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Physical Activity on Prescription (PAP), in patients with metabolic risk factors: A 6-month follow-up study in primary health care
Department of Health and Rehabilitation, Unit of Physiotherapy, Institute of Neuroscience and Physiology, Sahlgrenska Academy, University of Gothenburg, Gothenburg, Sweden; Närhälsan Rehabilitation FaR- teamet central and western Gothenburg, Region Västra Götaland, Gothenburg, Sweden.
Department of Food and Nutrition and Sport Science, Faculty of Education, University of Gothenburg, Gothenburg, Sweden; Institute of Neurosc ience and Physiology, Sahlgrenska Academy, Sahlgrenska University Hospital/Östra, Gothenburg, Sweden.
Department of Health and Rehabilitation, Unit of Physiotherapy, Institute of Neuroscience and Physiology, Sahlgrenska Academy, University of Gothenburg, Gothenburg, Sweden; Närhälsan Research and Development Primary Health Care, Region Västra Götaland, Gothenburg, Sweden.
Örebro University, School of Health Sciences. Orebro University Hospital. Univ Health Care Research Center, Faculty Medicin & Health, Örebro University Hospital, Örebro, Sweden.
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2017 (English)In: PLoS ONE, ISSN 1932-6203, E-ISSN 1932-6203, Vol. 12, no 4, e0175190Article in journal (Refereed) Published
Abstract [en]

There is strong evidence that inadequate physical activity (PA) leads to an increased risk of lifestyle-related diseases and premature mortality. Physical activity on prescription (PAP) is a method to increase the level of PA of patients in primary care, but needs further evaluation. The aim of this observational study was to explore the association between PAP-treatment and the PA level of patients with metabolic risk factors and the relationship between changes in the PA level and health outcomes at the 6 month follow-up. This study included 444 patients in primary care, aged 27-85 years (56% females), who were physically inactive with at least one component of metabolic syndrome. The PAP-treatment model included: individualized dialogue concerning PA, prescribed PA, and a structured follow-up. A total of 368 patients (83%) completed the 6 months of follow-up. Of these patients, 73% increased their PA level and 42% moved from an inadequate PA level to sufficient, according to public health recommendations. There were significant improvements (p <= 0.05) in the following metabolic risk factors: body mass index, waist circumference, systolic blood pressure, fasting plasma glucose, cholesterol, and low density lipoprotein. There were also significant improvements regarding health-related quality of life, assessed by the Short Form 36, in: general health, vitality, social function, mental health, role limitation-physical/emotional, mental component summary, and physical component summary. Regression analysis showed a significant association between changes in the PA level and health outcomes. During the first 6-month period, the caregiver provided PAP support 1-2 times. This study indicates that an individual-based model of PAP-treatment has the potential to change people's PA behavior with improved metabolic risk factors and self-reported quality of life at the 6 month follow-up. Thus, PAP seems to be feasible in a clinical primary care practice, with minimum effort from healthcare professionals.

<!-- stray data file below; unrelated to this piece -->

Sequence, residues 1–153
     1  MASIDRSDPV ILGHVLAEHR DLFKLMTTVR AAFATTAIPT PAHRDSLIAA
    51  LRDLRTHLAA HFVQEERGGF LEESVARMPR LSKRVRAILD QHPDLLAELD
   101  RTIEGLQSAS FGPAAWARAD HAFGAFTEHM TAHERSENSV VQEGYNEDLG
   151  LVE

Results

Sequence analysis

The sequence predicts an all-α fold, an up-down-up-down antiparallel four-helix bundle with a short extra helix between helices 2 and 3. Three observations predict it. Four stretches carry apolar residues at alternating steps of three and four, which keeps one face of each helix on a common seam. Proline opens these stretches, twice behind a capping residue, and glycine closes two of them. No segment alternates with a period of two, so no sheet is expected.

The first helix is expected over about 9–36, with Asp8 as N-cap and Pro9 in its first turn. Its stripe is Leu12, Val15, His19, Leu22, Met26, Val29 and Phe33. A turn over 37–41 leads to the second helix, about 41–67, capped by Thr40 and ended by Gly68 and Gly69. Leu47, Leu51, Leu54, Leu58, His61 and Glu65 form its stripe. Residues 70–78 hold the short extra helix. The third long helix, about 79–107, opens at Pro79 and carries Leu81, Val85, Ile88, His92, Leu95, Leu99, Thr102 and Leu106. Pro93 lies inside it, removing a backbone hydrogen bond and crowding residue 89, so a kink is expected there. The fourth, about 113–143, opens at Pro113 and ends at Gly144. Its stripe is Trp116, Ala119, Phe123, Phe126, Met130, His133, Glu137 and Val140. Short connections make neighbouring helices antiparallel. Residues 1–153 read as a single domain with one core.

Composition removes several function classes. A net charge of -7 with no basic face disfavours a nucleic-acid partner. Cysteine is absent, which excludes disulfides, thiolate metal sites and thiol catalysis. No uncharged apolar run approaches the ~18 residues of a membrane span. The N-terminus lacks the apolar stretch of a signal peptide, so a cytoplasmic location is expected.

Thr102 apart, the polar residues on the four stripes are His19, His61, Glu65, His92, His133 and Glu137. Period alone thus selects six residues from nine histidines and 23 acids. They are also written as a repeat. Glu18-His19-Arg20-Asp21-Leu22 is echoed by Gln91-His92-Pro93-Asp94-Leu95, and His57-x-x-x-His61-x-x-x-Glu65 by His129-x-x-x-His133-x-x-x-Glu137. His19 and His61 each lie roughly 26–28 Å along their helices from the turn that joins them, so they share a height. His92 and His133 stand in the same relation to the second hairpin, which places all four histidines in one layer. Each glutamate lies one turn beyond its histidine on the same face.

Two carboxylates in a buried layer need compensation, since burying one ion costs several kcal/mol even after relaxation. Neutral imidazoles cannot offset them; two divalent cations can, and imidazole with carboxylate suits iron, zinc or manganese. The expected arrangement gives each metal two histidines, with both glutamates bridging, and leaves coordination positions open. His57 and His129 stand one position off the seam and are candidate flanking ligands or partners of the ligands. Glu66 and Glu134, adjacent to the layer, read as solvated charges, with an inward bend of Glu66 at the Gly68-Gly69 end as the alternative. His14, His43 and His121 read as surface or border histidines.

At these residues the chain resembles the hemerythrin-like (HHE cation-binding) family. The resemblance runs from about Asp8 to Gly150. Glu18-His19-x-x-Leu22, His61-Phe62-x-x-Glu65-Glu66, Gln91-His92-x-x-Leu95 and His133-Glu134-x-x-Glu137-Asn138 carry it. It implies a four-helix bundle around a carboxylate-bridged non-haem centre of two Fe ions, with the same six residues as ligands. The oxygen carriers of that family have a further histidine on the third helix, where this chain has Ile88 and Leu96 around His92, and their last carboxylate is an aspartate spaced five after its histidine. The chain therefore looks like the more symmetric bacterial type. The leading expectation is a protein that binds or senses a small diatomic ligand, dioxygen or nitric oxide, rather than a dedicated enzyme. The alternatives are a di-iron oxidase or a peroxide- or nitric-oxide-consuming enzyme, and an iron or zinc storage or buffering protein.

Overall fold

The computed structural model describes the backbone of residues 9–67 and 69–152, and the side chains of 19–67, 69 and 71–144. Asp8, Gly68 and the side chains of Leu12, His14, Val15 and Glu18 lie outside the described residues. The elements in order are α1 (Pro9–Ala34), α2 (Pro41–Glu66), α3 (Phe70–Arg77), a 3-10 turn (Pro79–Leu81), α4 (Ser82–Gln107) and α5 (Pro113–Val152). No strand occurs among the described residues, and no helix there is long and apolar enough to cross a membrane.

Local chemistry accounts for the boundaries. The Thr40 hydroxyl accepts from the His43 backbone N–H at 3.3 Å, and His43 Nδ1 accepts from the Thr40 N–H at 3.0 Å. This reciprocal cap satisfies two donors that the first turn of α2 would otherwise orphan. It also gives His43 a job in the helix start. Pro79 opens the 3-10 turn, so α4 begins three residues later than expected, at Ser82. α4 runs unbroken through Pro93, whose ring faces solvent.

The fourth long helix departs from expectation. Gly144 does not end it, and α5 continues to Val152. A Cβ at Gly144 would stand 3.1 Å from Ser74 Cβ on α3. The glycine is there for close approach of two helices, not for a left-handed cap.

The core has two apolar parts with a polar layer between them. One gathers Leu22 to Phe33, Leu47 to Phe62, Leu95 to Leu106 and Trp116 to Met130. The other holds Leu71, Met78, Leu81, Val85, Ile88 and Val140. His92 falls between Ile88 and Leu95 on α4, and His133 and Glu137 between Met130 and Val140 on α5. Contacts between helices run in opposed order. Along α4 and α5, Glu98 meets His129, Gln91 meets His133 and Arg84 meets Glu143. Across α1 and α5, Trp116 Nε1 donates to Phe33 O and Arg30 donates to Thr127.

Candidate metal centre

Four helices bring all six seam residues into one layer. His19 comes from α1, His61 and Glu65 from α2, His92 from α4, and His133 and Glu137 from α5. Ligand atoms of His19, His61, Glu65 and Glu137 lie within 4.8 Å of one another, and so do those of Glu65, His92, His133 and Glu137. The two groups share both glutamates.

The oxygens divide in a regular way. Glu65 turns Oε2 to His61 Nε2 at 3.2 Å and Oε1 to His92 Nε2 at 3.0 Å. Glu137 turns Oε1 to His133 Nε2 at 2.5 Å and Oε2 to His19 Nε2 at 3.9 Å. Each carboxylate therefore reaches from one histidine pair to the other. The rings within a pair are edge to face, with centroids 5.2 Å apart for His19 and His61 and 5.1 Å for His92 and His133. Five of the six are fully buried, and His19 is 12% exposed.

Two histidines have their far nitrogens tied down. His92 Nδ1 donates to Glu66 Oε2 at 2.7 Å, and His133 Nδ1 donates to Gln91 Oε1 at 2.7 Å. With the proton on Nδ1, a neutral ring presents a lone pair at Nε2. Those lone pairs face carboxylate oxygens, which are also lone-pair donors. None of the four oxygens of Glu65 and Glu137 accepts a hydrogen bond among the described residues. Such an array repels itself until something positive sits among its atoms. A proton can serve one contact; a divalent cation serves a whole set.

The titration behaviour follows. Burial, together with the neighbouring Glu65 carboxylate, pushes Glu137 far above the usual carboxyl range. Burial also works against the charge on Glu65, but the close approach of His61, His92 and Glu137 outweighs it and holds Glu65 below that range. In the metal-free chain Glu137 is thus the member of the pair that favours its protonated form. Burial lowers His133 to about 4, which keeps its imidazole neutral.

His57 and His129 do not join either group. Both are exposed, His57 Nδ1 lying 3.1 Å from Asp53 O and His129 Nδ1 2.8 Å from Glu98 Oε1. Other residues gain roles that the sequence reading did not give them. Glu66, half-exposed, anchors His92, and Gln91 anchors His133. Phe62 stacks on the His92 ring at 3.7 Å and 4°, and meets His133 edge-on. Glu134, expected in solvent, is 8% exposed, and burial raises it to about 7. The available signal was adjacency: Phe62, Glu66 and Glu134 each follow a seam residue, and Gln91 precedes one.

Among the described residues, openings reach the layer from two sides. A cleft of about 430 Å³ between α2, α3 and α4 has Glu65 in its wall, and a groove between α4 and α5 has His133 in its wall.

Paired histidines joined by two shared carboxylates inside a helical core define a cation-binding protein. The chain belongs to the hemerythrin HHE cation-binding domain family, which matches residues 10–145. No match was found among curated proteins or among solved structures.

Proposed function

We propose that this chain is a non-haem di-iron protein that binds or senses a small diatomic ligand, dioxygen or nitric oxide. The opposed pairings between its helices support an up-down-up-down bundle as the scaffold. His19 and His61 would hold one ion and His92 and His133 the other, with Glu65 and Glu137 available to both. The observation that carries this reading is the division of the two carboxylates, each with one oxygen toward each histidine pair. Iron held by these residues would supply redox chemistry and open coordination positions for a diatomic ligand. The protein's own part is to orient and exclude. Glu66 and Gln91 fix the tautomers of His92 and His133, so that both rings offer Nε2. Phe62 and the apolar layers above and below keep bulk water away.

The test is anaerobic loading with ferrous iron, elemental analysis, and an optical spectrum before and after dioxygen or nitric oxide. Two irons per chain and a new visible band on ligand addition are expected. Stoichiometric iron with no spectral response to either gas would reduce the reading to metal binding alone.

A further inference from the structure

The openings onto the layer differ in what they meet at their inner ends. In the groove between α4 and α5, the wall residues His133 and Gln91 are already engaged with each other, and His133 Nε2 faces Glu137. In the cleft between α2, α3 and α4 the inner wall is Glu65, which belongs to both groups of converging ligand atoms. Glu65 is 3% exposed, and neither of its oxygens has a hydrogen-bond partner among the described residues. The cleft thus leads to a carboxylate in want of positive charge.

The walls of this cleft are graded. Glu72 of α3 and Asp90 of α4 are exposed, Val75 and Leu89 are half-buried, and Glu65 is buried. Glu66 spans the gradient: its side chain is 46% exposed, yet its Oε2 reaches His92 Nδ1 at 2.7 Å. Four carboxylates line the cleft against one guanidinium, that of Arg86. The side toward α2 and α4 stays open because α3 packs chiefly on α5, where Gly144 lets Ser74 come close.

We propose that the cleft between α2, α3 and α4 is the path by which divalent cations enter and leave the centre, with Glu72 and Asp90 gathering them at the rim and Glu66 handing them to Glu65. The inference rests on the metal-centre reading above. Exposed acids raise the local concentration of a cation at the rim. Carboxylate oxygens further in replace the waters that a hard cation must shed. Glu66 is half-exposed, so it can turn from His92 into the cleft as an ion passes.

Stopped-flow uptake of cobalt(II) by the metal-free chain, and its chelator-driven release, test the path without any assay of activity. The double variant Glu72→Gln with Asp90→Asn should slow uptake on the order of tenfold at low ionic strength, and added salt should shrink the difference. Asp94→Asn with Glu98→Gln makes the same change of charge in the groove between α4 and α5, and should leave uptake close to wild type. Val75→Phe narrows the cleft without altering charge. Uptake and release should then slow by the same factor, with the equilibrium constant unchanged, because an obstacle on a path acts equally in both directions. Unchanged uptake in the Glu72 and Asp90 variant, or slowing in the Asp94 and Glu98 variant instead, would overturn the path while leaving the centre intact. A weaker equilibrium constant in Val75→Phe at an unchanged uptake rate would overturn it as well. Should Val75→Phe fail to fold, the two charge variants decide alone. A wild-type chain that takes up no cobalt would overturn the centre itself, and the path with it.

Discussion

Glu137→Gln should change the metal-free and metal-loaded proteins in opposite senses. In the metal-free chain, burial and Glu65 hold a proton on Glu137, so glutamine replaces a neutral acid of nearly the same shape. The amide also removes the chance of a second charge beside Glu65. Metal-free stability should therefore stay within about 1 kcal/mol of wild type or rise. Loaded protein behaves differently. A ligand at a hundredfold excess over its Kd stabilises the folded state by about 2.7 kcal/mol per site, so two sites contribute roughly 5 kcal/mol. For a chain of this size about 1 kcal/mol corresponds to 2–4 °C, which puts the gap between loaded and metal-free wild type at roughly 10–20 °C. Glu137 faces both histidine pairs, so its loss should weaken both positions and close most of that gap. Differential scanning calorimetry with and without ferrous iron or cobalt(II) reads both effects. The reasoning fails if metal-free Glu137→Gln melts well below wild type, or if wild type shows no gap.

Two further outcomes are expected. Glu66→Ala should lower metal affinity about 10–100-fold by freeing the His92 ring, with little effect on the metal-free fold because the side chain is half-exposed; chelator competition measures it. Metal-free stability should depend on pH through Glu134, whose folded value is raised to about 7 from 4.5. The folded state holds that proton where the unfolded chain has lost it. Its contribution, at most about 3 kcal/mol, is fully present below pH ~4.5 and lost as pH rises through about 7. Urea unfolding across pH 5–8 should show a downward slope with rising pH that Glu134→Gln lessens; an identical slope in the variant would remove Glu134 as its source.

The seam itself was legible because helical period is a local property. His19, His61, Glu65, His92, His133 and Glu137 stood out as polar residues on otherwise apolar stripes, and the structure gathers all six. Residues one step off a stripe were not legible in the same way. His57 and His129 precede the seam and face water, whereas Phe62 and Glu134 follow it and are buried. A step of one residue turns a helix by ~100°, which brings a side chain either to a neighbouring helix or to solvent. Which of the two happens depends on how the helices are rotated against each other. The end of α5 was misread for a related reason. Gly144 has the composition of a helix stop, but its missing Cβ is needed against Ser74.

Place, publisher, year, edition, pages
Public Library of Science , 2017. Vol. 12, no 4, e0175190
National Category
Gerontology, specializing in Medical and Health Sciences
Identifiers
URN: urn:nbn:se:oru:diva-57776DOI: 10.1371/journal.pone.0175190ISI: 000399955200040PubMedID: 28403151ScopusID: 2-s2.0-85017651246OAI: oai:DiVA.org:oru-57776DiVA: diva2:1097990
Note

Funding Agency:

Närhälsan Research & Development Primary Health Care, Region Västra Götaland

Available from: 2017-05-23 Created: 2017-05-23 Last updated: 2017-05-30Bibliographically approved

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CiteExportLink to record
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